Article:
Citation: Holden Hahn. "Just Say NoVigil: An Experience with Armodafinil (Nuvigil) (ID 84030)". Erowid.org. May 5, 2010. erowid.org/exp/84030
A little over a year ago, I was diagnosed with narcolepsy. I must note that I was diagnosed with narcolepsy but do not actually have narcolepsy. The condition is pretty easy to fake, and the results of the sleep analysis are pretty easy to manipulate even with the most basic understanding of circadian rhythms.
I picked modafinil, not unlike someone who goes to a store and picks out a pint of ice cream. I knew what what medication I wanted, I did the necessary research, I went through qualifying trials, and was handed a prescription. Within 24 hours, my health insurance provider contact me with an offer:
Originally I would have to pay $35 copay, and my insurance would have to pay an alarming price for the drug (hundreds of dollars a month). But, the pharmaceutical company had worked out deal with my provider. We'd get one year of their new product, armodafanil (Nuvigil®), at no cost if I sent them a weekly report and completed questionnaire.
This is an overview of my long term (388 days) experience with armodafanil:
I am a male, 185cm tall, about 168 pounds. I am a non-smoker, non-drinker, and I have very little experience with psychoactives aside from caffeine and 2 month prescription of hydrocodone a couple years back. I have been diagnosed with narcolepsy. I'm in decent shape, though I rarely exercise. Blood pressure 132/76, heart rate 64 bpm at my last check up. I was prescribed 150 mg of armodafinil to be taken daily, and told to take a second dose of 150mg no later than 1:00p only when necessary.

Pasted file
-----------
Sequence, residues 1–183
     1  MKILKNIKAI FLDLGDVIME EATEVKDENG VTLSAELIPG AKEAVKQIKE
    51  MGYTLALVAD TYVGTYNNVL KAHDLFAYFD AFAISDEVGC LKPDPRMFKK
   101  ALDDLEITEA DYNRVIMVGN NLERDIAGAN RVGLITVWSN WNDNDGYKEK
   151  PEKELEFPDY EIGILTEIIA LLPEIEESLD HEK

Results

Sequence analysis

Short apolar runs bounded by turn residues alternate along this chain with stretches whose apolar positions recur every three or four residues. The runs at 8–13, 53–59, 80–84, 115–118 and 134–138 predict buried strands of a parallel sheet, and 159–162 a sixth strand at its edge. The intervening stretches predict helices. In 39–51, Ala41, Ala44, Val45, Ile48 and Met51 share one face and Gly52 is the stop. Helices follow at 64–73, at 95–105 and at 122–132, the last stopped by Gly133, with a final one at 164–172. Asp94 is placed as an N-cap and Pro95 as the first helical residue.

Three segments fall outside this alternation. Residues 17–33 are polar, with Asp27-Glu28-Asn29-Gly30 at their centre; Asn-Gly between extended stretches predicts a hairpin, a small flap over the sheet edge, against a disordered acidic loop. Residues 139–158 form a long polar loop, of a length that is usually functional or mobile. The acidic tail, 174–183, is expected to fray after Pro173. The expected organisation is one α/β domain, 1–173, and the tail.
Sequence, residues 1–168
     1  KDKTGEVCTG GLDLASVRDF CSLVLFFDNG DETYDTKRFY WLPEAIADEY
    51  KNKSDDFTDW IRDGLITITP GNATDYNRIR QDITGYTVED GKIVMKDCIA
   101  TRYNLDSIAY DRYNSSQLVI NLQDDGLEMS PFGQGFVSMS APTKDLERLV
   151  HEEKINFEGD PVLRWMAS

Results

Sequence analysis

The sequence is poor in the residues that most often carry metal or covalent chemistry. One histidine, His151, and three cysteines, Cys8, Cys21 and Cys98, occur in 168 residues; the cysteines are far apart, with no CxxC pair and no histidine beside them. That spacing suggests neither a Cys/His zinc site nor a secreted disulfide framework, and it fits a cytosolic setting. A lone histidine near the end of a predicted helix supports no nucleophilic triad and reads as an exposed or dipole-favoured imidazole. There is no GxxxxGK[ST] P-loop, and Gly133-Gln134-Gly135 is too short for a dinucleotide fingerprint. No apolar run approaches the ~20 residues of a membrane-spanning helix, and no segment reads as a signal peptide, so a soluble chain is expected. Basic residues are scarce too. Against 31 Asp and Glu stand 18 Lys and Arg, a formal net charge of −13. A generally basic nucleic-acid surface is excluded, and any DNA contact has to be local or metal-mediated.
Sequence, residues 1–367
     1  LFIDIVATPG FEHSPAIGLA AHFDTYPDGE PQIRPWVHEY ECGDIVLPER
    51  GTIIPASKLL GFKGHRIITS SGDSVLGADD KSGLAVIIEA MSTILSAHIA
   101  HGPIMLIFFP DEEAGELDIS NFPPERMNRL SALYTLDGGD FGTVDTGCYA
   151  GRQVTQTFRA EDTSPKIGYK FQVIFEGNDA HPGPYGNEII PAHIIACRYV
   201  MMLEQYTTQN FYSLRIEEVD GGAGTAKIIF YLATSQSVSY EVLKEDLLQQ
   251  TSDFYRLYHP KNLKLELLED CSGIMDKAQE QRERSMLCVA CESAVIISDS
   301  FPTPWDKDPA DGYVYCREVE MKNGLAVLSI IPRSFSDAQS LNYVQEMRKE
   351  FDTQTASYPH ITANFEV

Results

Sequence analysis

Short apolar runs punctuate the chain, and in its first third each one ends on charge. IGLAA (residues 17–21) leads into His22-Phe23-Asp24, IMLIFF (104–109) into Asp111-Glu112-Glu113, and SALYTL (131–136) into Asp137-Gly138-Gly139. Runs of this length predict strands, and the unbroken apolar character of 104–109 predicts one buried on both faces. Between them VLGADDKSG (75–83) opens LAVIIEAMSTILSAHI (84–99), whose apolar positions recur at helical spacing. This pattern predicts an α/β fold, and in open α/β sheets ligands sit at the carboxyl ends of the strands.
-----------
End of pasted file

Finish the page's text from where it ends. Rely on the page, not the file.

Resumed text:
The first 2 days I took it, I did not notice a great deal of difference in concentration or energy. I was able to fall asleep at my usual hour, and I noticed no variation in sleep patterns. On day 3 the first noticeable effects manifested. There was an improvement in my work output, however, I did begin to notice a decrease in patience. I've heard people refer to it as “caffeine without the nervousness”, which I feel is categorically poor characterization. Caffeine has a definite kinetic effect, whereas armodafinil shifted my mental state only. I didn't have more energy, I just had more drive... as far as my work was concerned.
Over the next 45-60 days many things, including my sexual drive, changed; most of which were not temporary. Overall perception was simplified, in a way, but that created bigger problems. For example, my libido became an obligation and a distraction and I also felt as if it the resulting process somehow had gotten reversed. Prior to being on the medication I would see an object of desire and become aroused. Now, on the rare occasion I feel any sort of urge, I may then see something that piques my interest, but ultimately, I am satisfied going somewhere private to unload the offending seed. In short, I have less a sexual drive and more a testicular responsibility. This does not go over well with the wife.
This wasn't the only thing that changed in the long term. My thinking became far more structured. My desk was organized, my kitchen was neat, and e-mails were scoured for grammatical inconsistencies before being sent. One would think this would have helped me get my life in order, but it seems I gained little ground. The reason for that is simple, my attention to detail was turned up, and nothing I did could turn it down. If I was sending a correspondence, I ensured I had provided as much information as would hypothetically be needed; though, in most circumstances, very little of it actually was. I was commissioned to work on a website, and the process took far longer than it should have. Before, the delay would have been caused by procrastination. Now, it was because I was checking every bit of syntax for any ambiguities, rather than just performing black box and fixing issues as they arose.
My creative writing output improved in quantity, but exponentially decreased in quality. Everything had to have an order and everything had to fit nicely into the work. I would write a dozen pages in an evening, none of which was remotely entertaining to read. Once, I tried to intentionally put a non sequitur in a piece as a challenge to myself. Didn't work out so well.